Paul Burrell: You Ask The Questions

Did you ever, even for one second, consider your publication of Diana's private letters as a betrayal? And would you bow to Queen Camilla?
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The Independent Online

Paul Burrell, 46, was born in Grassmoor, Derbyshire. He arrived at Buckingham Palace as an 18-year-old footman in 1976. When the Prince and Princess of Wales separated in 1992, the Princess requested that he move to Kensington Palace as her butler - a position he held until her death in 1997. In 2001, he was charged with stealing £5m's worth of the Princess's possessions from Kensington Palace after her death, but the trial collapsed when the Queen remembered that he had spoken to her about his removal of the objects. His subsequent account of his life with the Princess, A Royal Duty, became an international bestseller. He is married to Maria. They live in Cheshire with their two sons, Alexander and Nicholas.

Paul Burrell, 46, was born in Grassmoor, Derbyshire. He arrived at Buckingham Palace as an 18-year-old footman in 1976. When the Prince and Princess of Wales separated in 1992, the Princess requested that he move to Kensington Palace as her butler - a position he held until her death in 1997. In 2001, he was charged with stealing £5m's worth of the Princess's possessions from Kensington Palace after her death, but the trial collapsed when the Queen remembered that he had spoken to her about his removal of the objects. His subsequent account of his life with the Princess, A Royal Duty, became an international bestseller. He is married to Maria. They live in Cheshire with their two sons, Alexander and Nicholas.

How do you think history will remember Prince Charles?
Anita Kirkham, Colchester

As a weak man who betrayed his wife - that's the truth. He will be remembered as selfish and unkind - and as a man who talked to plants.

How does one make the perfect cup of tea?
Elizabeth Booth, Bournemouth

There's only one way: the traditional way. You warm the pot first - a silver teapot in the royal instance, of course - and then discard the water. You then add one heaped teaspoon of loose tea per person and one for the pot; fill the teapot with boiling water three-quarters full, stir, leave for two to three minutes to steep and then pour it through a tea strainer. I learnt that technique by watching the Queen do it.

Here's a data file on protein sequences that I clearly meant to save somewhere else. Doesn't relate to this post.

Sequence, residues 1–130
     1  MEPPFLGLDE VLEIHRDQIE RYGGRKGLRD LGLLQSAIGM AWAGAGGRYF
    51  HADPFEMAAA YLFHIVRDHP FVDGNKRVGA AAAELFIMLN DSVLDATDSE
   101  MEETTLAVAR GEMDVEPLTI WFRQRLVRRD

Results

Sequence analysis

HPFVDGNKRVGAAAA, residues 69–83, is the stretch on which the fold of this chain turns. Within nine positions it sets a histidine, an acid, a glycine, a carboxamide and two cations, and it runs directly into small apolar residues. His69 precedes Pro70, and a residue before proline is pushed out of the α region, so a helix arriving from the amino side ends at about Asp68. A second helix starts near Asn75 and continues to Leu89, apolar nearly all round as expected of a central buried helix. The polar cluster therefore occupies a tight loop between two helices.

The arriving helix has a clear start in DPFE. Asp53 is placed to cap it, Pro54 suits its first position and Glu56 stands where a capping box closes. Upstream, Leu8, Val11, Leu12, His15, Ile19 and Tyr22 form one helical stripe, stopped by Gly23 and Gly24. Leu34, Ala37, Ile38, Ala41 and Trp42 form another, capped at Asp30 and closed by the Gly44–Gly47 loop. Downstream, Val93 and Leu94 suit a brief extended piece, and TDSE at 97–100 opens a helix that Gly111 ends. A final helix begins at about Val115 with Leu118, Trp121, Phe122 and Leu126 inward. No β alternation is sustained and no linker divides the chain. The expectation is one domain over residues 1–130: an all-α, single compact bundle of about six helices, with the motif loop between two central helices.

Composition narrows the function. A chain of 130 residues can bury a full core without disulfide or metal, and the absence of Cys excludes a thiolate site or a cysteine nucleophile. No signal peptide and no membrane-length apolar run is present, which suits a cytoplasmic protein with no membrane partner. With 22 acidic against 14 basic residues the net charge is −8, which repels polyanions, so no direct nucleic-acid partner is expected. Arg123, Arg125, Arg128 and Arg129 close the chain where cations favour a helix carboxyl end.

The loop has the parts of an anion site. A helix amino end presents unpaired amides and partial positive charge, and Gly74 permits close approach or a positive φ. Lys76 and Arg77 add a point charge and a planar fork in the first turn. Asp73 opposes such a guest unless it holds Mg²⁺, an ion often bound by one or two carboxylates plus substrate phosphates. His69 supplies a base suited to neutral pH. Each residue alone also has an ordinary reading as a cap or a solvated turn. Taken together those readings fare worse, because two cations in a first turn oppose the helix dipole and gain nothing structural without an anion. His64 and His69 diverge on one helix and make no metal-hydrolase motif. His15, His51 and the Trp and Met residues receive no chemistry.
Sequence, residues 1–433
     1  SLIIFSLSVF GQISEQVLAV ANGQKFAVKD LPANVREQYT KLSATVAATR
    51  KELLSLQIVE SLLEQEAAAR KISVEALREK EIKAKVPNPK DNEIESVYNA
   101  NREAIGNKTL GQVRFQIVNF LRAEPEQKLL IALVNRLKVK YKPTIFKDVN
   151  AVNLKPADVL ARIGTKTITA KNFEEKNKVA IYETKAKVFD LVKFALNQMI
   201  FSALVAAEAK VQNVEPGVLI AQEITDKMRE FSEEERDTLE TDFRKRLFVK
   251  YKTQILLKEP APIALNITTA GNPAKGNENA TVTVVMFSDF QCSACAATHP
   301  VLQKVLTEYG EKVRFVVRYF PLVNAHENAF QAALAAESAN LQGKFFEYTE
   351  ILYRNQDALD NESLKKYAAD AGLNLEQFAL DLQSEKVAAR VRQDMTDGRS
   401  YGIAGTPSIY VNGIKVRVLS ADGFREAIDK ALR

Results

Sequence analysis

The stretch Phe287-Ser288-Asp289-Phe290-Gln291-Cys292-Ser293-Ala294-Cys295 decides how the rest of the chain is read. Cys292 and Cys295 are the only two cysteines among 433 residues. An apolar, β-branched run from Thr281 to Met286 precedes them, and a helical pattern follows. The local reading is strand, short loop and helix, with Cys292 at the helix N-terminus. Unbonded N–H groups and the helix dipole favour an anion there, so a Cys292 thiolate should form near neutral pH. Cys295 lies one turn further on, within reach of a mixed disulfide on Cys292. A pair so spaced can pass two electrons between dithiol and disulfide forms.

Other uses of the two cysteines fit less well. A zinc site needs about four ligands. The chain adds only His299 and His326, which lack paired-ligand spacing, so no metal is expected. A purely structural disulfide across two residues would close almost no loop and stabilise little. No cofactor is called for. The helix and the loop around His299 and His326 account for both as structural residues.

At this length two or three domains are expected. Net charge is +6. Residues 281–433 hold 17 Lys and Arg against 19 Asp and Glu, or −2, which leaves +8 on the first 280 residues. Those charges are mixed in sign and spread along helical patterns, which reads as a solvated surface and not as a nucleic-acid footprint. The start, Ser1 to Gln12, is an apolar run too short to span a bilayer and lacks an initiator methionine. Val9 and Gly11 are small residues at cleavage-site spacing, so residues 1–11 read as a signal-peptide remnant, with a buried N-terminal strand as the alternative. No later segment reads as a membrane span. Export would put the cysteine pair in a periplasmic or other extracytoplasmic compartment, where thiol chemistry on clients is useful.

What is your biggest regret?
Sally Crowther, Clacton-on-Sea

I can't think of one, but if I do have any, I put them away in boxes and put lids on them. Look ahead. Don't look back.

You have said the letters you have from Diana that you have made public are only the tip of the iceberg. How many more do you have? Under what circumstances would you consider publishing them?
Sean Stephenson, by e-mail

Quite frankly, it's no one else's business. I have those letters because they were all written to me and I treasure them. They contain many intimate secrets and I personally think they should remain private. Regardless of how many financial offers I am given, they will never see the light of day. But I do draw a distinction between what the public should know and what should remain private. I know what the Princess would want me to say and what she wouldn't want me to say, so I can't say that I'll never publish any more. If it falls on me to defend her memory with her own words, then I'll do it.

Should Piers Morgan have been sacked as editor of the Daily Mirror
Bob Jameson, by e-mail

Piers is one of the gentlemen of Fleet Street. I truly believe that he was hoaxed. I think it's generally felt that he was a scapegoat, because of his anti-war stance and because he took one step too far. I think it's very sad that he's gone.

Did you ever, for one second or longer, consider your publications as betrayal?
Robert Shaw, Canada